An increasing number of Arizona election officials are leaving their positions because of threats and hostility.
"The rhetoric and the climate of elections has got really, really hot. We've been under a lot of pressure," recorder Leslie Hoffman, one of Yavapai County's top election officials, told ABC-15. "The sheriff patrols my house periodically" because of threats, she added. "It's getting to be a lot."
"I'm not sure what they (voters) think that we did wrong. And they're very nasty. The accusations and the threats are nasty," she told Fox-10.
Hoffman is leaving at the end of the month, and her colleague Lynn Constabile, the county elections director, will be leaving Friday.
"I'm a Republican recorder living in a Republican county where the candidate that they wanted to win won by 2-to-1 and still getting grief - and so is my staff."
Hoffman blames in part widely disseminated disinformation that's causing fractures even among members of the same party.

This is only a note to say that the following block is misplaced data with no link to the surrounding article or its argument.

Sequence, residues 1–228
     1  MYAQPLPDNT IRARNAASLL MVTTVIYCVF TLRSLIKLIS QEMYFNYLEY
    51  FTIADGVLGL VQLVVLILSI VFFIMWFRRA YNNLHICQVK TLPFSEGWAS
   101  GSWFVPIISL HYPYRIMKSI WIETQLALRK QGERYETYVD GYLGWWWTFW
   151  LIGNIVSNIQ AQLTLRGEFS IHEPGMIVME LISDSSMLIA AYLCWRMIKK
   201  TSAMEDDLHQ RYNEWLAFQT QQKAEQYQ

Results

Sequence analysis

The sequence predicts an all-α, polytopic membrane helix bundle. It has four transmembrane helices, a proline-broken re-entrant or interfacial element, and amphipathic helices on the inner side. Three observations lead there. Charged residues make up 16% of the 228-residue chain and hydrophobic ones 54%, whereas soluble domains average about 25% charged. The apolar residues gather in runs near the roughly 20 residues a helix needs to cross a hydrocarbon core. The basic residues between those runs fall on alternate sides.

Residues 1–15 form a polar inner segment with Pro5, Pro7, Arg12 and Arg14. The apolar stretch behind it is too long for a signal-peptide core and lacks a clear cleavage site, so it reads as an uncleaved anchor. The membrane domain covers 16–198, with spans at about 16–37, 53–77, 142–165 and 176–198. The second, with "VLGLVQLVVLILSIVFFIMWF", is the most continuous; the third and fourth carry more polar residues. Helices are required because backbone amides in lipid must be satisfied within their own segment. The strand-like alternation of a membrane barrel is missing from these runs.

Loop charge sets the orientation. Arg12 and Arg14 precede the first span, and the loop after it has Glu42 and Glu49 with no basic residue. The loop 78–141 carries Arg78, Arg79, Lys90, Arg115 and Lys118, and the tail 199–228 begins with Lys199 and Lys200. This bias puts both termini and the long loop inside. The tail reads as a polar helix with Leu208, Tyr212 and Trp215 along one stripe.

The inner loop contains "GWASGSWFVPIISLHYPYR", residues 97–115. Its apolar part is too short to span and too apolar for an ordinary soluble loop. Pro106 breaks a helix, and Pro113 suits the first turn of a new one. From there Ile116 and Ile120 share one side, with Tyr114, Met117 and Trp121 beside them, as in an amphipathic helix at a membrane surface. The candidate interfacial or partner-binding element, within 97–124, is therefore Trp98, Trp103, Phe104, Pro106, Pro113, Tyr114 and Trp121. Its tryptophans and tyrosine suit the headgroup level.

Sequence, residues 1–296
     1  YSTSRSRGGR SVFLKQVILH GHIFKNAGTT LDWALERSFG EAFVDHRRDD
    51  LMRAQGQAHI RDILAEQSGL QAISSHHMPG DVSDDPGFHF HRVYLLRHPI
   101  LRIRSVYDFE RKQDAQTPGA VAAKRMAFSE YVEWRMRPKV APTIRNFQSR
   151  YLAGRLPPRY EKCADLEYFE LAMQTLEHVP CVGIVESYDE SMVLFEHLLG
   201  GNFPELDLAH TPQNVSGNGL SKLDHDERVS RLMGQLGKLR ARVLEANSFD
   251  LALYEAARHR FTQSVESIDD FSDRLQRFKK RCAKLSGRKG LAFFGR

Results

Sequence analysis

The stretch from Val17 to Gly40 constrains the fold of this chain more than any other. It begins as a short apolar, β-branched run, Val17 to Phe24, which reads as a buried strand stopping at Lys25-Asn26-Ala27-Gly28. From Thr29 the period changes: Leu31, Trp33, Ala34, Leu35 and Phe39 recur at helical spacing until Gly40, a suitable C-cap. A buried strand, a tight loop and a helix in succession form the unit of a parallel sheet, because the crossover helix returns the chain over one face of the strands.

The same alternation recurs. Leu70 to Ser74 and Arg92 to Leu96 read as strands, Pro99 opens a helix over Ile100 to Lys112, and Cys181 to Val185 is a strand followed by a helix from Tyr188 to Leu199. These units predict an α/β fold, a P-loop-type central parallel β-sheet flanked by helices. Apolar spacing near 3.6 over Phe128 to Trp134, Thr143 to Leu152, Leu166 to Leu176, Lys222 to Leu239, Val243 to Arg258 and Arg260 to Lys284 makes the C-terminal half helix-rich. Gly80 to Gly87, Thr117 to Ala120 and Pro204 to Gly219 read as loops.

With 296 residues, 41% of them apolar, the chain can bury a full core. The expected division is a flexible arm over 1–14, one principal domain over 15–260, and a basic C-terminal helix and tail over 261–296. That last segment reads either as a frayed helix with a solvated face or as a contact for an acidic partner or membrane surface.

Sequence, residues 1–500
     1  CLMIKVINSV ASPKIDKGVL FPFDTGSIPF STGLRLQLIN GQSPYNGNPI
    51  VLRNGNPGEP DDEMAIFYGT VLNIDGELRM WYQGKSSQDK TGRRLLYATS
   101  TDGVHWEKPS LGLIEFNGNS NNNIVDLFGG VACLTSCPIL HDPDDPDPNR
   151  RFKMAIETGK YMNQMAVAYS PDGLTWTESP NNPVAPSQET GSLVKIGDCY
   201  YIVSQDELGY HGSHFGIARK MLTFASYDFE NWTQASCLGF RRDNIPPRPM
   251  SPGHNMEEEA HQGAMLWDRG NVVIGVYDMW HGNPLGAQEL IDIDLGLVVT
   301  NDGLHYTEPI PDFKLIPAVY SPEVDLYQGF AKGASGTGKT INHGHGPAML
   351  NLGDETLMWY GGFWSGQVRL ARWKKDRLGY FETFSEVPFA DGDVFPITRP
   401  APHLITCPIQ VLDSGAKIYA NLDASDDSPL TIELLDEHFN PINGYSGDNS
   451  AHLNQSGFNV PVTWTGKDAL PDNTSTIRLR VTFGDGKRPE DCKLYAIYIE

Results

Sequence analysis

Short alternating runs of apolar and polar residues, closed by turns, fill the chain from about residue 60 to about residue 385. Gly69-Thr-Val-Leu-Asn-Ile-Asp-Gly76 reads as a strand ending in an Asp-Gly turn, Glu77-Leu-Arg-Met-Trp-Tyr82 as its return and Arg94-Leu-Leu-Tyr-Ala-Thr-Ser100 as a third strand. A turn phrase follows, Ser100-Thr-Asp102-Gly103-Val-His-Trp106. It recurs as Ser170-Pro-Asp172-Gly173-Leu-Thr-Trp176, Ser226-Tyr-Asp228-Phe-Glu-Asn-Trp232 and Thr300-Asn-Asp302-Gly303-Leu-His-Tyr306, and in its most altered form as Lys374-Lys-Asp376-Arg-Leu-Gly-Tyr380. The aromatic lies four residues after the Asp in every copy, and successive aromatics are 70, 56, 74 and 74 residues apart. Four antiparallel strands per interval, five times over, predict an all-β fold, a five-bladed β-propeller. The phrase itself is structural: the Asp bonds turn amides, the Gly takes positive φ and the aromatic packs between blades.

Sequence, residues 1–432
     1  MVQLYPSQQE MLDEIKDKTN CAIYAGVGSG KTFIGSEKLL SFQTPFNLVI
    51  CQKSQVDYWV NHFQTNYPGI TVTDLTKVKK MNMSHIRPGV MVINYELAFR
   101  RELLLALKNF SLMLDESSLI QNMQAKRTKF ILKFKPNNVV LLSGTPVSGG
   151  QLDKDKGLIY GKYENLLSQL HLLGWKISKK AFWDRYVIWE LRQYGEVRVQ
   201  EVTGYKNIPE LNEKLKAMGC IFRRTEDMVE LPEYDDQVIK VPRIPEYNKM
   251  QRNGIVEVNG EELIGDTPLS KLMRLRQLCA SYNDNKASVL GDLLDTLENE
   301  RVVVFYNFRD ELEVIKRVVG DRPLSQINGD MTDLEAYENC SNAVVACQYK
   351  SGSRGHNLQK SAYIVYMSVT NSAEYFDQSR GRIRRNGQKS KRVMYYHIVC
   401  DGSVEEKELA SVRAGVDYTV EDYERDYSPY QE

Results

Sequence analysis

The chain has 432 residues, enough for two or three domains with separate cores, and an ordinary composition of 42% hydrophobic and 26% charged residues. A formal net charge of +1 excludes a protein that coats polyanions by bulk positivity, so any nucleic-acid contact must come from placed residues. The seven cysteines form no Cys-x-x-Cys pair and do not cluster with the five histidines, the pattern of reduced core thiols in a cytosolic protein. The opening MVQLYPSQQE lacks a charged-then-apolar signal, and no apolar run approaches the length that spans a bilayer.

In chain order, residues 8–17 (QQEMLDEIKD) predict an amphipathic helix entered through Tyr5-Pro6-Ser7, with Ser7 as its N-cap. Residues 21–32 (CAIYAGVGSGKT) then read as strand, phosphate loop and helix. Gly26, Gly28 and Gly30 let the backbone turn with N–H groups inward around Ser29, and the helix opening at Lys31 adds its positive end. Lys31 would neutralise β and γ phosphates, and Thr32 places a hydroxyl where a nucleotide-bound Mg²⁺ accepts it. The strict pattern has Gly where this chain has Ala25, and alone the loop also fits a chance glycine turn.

"When you've got these movies out there and all the stuff on social media, that's what people are reading. They honestly don't want the truth," she said.
Ken Matta, who worked for Arizona's secretary of state as head of election security, quit his job in May. He cited "threatening messages" from "unstable citizens" as a reason for why he was leaving.
The 2020 presidential race was a "good election," Matta tweeted. "If you don't think so, you're listening to politicians, not professionals." He called election workers "true patriots."
This article originally appeared on HuffPost and has been updated.
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